All-electronic tolling has removed toll booths and the traffic bottlenecks they created on the Mass Pike, but lawmakers also realize the modern gantries open up a new way to expand tolling and generate the revenue we need to fix MA roads and bridges.

Credit: Elise Amendola/AP

The Future Of Tolling

March 26, 2018

Massachusetts residents overwhelmingly say improving transportation is among their top priorities. They want legislators to do more to fix crumbling roads and bridges and to reduce congestion on the highways. 

That may mean more tolls, on more roads. And because Massachusetts has moved from toll booths to electronic tolling, charging drivers on their routes may be easier now than ever before.

The only road currently tolled in Massachusetts is the Mass Pike. That's because it was funded with bonds that were to be paid for with tolls. The other major highways in the state were paid for with mostly federal tax dollars, as part of the national Interstate Highway System.

But the way we are paying tolls these days is different — there are no more tollbooths. Instead, drivers have transponders, which allow overhead gantries to charge a toll each time they pass underneath. And, if you don't have an EZ Pass transponder, cameras on the gantry take a picture of your license plate and you're billed later.

All-electronic tolling was meant to eliminate toll booths and the traffic bottlenecks that come with them. And not only that; because this tolling method only requires gantries, and not toll booths, it is relatively easy to expand tolling to other roads. 

"All-electronic tolling gives states another tool in their tool box to rebuild their crumbling interstate highways," says Patrick Jones, director of the International Tunnel and Turnpike Association.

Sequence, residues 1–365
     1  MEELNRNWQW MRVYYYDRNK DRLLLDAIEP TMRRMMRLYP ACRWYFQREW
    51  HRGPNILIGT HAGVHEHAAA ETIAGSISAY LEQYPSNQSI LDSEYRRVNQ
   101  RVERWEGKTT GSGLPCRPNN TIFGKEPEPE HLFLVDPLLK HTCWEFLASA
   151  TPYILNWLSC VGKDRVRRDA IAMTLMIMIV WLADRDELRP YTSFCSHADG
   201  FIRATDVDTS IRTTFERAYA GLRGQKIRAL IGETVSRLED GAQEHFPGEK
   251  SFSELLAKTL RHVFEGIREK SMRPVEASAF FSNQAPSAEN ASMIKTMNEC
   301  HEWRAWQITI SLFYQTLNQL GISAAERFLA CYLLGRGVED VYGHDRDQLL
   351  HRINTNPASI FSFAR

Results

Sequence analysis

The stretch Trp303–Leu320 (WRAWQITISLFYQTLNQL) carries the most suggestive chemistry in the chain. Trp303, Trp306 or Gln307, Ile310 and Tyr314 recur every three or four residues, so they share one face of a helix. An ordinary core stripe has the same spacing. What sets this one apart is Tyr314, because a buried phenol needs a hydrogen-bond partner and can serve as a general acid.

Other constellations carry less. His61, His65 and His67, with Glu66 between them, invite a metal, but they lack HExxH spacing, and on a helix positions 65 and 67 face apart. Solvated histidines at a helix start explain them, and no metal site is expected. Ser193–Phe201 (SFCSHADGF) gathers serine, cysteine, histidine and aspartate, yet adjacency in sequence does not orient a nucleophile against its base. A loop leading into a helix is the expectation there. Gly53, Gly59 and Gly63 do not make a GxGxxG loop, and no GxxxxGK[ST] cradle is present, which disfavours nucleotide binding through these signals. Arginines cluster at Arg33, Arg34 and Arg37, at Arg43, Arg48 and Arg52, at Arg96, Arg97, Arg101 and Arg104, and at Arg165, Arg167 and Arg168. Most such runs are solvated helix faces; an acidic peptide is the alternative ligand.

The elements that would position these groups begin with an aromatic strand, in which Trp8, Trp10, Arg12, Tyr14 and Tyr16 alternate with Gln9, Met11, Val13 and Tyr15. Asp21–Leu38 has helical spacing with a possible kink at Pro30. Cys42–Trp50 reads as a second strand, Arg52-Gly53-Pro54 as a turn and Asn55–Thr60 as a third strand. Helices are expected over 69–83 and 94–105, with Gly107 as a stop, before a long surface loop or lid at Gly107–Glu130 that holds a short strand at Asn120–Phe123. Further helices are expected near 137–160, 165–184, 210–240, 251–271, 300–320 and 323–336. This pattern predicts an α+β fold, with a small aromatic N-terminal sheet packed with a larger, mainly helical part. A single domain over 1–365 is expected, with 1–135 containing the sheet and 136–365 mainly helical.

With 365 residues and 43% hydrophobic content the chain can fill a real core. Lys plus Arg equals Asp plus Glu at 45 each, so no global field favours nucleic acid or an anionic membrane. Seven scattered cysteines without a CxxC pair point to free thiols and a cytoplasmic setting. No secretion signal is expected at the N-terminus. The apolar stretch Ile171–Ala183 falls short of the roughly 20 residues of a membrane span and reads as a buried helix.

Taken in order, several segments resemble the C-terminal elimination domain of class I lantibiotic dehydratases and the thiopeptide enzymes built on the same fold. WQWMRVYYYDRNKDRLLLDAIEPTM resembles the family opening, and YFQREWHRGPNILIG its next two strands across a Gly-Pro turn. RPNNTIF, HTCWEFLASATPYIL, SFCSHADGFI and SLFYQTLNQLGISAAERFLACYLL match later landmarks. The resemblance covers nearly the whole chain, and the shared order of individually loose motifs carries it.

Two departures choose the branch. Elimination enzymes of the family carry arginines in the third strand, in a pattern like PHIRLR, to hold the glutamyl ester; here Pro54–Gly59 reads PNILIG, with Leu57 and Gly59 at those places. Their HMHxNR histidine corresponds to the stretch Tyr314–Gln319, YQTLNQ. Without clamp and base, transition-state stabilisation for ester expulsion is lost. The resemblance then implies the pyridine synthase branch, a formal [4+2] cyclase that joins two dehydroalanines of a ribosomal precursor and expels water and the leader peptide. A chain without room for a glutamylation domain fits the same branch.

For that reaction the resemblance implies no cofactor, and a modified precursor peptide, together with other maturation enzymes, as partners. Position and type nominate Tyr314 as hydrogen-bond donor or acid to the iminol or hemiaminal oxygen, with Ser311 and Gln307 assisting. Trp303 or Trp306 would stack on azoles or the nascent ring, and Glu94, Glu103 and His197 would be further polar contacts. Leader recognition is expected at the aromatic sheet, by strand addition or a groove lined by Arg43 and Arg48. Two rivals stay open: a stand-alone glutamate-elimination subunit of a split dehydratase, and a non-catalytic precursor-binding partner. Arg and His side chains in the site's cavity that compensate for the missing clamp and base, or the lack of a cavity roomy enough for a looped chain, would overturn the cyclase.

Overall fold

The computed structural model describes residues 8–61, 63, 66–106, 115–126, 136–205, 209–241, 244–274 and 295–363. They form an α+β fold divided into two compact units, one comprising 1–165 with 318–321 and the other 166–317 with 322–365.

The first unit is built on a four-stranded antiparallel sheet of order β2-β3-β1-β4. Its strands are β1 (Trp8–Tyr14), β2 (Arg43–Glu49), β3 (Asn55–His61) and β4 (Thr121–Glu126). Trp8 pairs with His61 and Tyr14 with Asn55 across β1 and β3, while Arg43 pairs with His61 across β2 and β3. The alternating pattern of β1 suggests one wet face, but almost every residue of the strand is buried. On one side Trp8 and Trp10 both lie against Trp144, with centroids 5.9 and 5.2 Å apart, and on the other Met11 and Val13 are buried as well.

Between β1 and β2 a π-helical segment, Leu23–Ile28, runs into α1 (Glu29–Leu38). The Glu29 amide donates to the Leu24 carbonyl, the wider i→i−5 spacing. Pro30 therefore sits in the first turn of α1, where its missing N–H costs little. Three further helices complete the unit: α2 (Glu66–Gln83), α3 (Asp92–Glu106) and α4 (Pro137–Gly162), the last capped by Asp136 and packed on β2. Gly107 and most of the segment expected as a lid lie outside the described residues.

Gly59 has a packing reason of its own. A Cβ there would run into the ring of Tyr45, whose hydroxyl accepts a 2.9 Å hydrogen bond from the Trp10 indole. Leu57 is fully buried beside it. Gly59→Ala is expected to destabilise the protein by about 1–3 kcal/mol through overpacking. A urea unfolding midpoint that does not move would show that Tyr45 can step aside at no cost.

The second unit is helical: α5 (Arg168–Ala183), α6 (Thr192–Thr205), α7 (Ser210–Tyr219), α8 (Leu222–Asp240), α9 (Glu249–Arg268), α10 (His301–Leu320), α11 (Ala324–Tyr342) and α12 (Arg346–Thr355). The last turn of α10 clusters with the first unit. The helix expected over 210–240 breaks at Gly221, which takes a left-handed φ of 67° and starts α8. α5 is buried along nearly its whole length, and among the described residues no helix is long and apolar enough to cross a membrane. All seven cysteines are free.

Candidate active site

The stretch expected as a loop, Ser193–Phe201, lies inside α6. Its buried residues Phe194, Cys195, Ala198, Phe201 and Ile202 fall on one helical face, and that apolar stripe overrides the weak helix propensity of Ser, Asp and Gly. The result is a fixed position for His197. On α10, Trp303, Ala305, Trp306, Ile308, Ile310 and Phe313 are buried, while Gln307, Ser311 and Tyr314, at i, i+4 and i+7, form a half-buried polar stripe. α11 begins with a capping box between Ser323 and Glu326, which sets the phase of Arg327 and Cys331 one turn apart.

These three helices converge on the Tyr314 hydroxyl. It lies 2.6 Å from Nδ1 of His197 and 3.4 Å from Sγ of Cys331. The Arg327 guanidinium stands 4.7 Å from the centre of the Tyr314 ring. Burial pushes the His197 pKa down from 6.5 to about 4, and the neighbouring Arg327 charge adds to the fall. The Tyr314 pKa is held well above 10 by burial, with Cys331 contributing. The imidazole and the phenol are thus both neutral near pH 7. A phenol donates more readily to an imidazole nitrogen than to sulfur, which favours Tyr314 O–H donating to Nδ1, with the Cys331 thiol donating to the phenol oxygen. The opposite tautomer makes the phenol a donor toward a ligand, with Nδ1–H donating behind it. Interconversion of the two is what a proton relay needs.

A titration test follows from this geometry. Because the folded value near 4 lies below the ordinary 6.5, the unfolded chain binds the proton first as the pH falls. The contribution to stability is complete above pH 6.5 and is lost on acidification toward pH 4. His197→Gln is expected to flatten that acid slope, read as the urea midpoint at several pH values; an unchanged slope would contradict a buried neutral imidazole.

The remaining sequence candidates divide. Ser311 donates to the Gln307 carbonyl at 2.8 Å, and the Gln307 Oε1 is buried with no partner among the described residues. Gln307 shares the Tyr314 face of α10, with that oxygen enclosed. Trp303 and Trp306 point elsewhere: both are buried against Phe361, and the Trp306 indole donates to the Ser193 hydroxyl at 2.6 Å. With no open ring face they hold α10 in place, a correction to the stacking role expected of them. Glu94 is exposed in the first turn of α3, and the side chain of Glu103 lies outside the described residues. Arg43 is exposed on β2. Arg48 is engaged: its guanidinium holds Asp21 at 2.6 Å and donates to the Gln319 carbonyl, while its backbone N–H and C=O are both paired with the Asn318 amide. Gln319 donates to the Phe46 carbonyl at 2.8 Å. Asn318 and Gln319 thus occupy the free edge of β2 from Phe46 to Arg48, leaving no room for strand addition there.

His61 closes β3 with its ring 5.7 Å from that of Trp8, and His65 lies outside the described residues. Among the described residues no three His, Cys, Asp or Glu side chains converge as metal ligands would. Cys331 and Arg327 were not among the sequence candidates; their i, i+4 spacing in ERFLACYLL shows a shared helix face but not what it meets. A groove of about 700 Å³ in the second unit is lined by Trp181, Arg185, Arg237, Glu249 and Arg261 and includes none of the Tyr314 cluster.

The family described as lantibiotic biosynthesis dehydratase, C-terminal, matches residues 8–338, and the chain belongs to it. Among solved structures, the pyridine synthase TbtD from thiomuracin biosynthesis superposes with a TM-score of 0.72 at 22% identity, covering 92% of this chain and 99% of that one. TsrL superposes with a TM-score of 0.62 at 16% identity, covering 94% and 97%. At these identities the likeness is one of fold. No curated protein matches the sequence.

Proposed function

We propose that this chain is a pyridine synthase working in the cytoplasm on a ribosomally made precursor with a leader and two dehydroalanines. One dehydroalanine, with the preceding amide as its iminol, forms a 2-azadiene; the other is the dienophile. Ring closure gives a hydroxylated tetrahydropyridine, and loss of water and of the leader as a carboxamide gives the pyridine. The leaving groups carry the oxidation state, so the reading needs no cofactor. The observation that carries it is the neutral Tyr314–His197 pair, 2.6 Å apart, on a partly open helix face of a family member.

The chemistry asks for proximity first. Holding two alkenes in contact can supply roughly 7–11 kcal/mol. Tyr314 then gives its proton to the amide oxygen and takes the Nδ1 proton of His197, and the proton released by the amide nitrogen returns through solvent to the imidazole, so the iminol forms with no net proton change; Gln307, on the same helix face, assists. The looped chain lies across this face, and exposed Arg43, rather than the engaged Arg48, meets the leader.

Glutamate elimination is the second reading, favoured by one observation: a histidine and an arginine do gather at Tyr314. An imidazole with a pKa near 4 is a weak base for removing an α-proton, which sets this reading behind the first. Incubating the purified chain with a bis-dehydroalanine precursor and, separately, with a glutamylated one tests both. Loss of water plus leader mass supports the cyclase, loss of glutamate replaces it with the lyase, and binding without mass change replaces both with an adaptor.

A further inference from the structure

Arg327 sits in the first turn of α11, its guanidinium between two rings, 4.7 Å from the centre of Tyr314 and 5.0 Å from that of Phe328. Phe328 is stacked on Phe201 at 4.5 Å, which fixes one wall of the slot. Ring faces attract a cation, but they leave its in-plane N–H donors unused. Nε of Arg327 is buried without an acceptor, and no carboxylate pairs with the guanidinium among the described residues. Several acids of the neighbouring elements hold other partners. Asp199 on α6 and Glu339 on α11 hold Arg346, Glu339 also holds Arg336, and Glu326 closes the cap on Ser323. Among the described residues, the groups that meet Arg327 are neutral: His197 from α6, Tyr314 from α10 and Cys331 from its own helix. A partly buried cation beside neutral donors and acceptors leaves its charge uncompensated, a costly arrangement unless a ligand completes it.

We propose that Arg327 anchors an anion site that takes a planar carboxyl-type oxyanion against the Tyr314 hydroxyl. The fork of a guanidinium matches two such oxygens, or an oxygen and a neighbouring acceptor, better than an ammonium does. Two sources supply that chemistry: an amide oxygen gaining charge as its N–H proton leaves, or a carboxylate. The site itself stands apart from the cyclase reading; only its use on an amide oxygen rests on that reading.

State Senator Joseph Boncore of Lynn, chairman of the senate transportation committee, says expanded tolling could be used to make funding transportation infrastructure more fair.
 
A recent poll found motorists evenly split on the issue of expanding electronic tolling to other roads. When respondents were asked if they’d approve of more tolls if the additional revenue went directly towards relieving highway congestion, a majority said yes.

Then there are commuters who remember the Big Dig and are skeptical of any new money devoted to transportation needs. That's the big challenge for political leaders on Beacon Hill, but Boncore says he thinks people realize that someone has to pay for infrastructure.

"They're open to paying for it if they're assured and it's a transparent process, to know that that money is going back into the highway that they're using," he says.
 
But Boncore doesn't see the senate passing a bill this session to expand tolling.

And there’s another problem — states are not allowed to toll roads that receive federal funding. Like President Obama before him, President Trump is proposing to change that, but the ban has not yet been lifted.  

So what action could we see? We could see a bill that would require Massachusetts Department of Transportation to commission a broad study regarding toll equity.  Although all-electronic tolling promises a relatively easy way to raise more revenue, officials say there will be a study first, before more of those gantries are erected.


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